Bringing a native perspective to Congress

Leaders aren’t born, they’re made – and for Rudy Soto, this happened at Portland State.  

Soto is an enrolled member of the Shoshone-Bannock Tribe. Born and raised in Nampa, ID, Soto was raised among six siblings, some with disabilities. By middle school, Soto fell into the wrong crowd. A move to Portland as a teen and earning a scholarship to attend PSU offered him a fresh start.

As a student, Soto was elected coordinator of United Indian Students in Higher Education. He also served as project assistant for a suicide prevention grant at the Native American Rehabilitation Association. He later received training in community organizing in Washington, D.C., as part of the Native American Political Leadership Program. During the 2007-08 academic year, he served as the first Native American student body president at the University.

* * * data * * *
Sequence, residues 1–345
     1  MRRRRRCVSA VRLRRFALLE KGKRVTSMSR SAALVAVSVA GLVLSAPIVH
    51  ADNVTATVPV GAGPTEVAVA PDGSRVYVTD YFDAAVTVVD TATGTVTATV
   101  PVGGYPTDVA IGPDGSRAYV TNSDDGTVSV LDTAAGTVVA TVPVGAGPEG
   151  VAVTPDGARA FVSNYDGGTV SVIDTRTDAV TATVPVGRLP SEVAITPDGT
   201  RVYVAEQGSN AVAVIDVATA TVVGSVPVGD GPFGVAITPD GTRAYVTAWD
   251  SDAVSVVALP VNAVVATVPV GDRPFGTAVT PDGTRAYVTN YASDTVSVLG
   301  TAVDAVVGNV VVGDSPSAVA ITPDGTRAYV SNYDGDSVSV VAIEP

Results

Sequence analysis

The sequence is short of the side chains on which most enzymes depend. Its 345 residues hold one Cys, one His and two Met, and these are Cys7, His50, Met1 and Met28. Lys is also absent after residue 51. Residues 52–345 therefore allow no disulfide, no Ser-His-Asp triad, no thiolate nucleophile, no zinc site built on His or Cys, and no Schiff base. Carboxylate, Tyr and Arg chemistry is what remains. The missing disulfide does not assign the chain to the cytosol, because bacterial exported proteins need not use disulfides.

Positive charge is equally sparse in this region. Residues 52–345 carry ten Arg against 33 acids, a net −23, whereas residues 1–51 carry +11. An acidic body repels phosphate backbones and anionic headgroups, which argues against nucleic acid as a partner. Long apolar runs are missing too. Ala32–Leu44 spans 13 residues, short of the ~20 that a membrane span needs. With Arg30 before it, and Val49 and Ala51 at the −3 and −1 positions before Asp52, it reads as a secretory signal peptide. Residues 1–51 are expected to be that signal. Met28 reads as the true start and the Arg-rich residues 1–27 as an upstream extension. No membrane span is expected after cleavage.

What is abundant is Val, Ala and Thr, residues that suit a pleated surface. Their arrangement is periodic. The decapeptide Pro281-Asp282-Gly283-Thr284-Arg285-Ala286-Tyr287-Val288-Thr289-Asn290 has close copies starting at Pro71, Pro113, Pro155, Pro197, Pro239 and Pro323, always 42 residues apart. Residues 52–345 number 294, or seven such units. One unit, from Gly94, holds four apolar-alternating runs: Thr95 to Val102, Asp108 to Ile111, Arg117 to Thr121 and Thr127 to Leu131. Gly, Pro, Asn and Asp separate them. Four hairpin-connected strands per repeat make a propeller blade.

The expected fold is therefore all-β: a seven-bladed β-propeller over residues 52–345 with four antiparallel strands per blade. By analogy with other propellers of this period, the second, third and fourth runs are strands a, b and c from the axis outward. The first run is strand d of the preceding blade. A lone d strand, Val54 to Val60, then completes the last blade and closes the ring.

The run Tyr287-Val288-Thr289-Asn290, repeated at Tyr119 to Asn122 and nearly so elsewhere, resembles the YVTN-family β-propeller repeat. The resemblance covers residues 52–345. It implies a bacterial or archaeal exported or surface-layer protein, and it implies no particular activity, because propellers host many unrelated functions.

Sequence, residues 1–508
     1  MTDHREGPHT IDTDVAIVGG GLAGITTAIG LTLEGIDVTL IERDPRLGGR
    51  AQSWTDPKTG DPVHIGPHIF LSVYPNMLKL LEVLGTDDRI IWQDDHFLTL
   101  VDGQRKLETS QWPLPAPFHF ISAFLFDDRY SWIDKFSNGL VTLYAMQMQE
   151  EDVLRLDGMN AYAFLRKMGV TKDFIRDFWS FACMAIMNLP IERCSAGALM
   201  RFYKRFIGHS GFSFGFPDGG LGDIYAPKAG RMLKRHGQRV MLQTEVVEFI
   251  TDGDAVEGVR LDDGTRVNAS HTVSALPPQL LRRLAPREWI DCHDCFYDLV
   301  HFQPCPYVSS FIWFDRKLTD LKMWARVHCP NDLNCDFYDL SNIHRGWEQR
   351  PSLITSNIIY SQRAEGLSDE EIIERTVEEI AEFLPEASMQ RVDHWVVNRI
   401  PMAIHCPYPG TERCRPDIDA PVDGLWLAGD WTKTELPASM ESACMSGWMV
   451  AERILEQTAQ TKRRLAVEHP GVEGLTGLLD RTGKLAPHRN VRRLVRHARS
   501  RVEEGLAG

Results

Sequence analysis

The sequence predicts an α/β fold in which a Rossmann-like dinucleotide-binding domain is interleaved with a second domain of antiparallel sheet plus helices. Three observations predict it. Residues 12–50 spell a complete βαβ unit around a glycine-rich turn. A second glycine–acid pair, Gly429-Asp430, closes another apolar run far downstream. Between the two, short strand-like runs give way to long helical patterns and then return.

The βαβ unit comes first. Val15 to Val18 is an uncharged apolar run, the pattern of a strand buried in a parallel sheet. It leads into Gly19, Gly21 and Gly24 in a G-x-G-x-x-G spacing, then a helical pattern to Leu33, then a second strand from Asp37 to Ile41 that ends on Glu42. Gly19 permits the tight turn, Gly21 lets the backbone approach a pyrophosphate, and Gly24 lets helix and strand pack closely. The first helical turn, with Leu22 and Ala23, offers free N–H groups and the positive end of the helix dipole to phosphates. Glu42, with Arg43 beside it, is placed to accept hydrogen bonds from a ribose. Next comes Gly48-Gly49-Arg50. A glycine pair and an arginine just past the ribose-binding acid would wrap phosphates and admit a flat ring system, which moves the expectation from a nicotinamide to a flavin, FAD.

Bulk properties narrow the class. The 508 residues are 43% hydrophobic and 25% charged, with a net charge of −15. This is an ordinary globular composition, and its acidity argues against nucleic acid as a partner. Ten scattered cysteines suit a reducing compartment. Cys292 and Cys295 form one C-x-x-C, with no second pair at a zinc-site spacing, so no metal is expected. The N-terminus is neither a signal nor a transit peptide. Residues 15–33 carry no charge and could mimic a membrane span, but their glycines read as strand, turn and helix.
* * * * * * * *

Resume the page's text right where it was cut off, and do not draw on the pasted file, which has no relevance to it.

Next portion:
In 2011, Soto graduated with a bachelor’s degree in liberal studies, becoming the first in his family to earn a university degree.

After graduating, Rudy set off for Washington D.C. where he launched his career in politics. For two years, he served as a legislative assistant for Congresswoman Norma Torres, a Democrat from California, where he was responsible for energy, environment, agricultural, educational and tribal affairs issues. He also served as a policy analyst for the National Council of Urban Indian Health.

In 2018, he took a new leadership role with the National Indian Gaming Association as Legislative Director. The national nonprofit is an inter-tribal association of federally recognized Indian Tribes dedicated to protect and preserve the welfare and sovereignty of tribes through economic self-sufficiency.  

Soto credits much of his success to the experiences and community he found at Portland State. “I built my strongest friendships at PSU,” he says.